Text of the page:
Re: judges' statement

From: shelly silver (email suppressed)
Date: Sun Jun 25 2006 - 06:42:37 PDT

>Judges' Statement:
>"We want to call attention to the underrepresentation of women in this year's
>festival. While it is not uncommon in both mainstream and alternative
>media festivals for the makers to be mainly men, we are aware of the
>multitudes of exceptional female experimental filmmakers, both here and
>abroad. Hence their relative absence at Onion City, and in our own awards
>roster, took
>us by surprise. Here's hoping for more equal representation in future years."
>we all agreed on the wording of this statement. and i know we all also
>agreed that in past years there has been more equal representation, and
>that we thought your programming was excellent. so i hope you don't take
>this statement too much to heart. it was just something we felt it was
>important to point out.
>thanks again for including me in one of the best festival experiences i've

hey all:

as far as i'm concerned, the above is not an accusation or an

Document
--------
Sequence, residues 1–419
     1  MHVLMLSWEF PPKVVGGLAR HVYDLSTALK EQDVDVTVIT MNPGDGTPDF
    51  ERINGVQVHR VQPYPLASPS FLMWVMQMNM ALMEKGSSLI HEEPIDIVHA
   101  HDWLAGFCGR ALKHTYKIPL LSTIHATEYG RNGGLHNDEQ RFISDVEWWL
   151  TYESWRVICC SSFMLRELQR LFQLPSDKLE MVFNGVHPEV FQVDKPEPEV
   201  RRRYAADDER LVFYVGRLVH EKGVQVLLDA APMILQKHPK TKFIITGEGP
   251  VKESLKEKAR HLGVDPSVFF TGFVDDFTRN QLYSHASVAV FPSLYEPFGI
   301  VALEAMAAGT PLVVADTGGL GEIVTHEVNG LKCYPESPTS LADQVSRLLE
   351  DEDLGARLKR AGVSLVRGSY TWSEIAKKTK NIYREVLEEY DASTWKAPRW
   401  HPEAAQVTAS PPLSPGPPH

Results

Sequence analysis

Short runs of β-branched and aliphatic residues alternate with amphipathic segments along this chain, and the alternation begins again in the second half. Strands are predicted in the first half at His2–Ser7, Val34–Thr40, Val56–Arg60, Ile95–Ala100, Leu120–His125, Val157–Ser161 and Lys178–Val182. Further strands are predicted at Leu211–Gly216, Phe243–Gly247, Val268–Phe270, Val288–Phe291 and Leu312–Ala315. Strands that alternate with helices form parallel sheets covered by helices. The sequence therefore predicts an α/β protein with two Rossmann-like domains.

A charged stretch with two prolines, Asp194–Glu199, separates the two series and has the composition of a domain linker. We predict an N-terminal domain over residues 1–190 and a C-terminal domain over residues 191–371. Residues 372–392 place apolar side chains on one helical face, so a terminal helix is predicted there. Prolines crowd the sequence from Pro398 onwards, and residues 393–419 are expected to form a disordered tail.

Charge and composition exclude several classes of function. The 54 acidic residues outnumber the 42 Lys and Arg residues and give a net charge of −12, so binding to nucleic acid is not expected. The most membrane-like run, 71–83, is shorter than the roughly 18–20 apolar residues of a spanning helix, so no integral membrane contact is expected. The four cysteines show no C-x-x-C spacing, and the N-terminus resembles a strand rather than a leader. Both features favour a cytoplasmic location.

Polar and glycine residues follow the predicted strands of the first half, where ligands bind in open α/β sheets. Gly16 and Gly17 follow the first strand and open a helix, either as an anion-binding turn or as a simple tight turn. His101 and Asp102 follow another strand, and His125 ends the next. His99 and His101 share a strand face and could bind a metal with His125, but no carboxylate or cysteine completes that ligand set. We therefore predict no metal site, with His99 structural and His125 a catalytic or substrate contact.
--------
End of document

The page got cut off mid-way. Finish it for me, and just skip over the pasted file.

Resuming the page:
indictment of the onion city festival, far from it (it's actually a
'hope'). the statement makes an observation about the paucity of
women filmmakers showing at a particular festival in a particular
year, and raises a simple question 'why weren't there more?' this is
a perfectly valid question for members of a jury to raise and
statements like this are quite common in jury's remarks. i'd think
it would be up to the organizers of the festival, if they found it
useful, to fill in any pertinent details - to explain more of the
outreach process, the submissions received as well as the selection

i also think that putting it out on a list like this where hundreds
of curators, organizers and filmmakers will read and discuss it is
perfectly appropriate and for me, very interesting, as it makes us
all reflect on possible problems - problems that may not exist (as
several people on the list seem to feel) or may not necessarily be
directly connected to this particular festival. jury's remarks are,
in my experience, always made public - they are typically read during
the awards ceremony, quoted in the press and published in catalogues.
the statements (as is the one above) are understood to be from the
point of view of the members of the jury. one can agree or disagree
with this statement - why it has been taken as an inappropriate
frameworks statement completely escapes me.


ps: i personally feel that gender bias in our society is alive and well.

For info on FrameWorks, contact Pip Chodorov at <email suppressed>.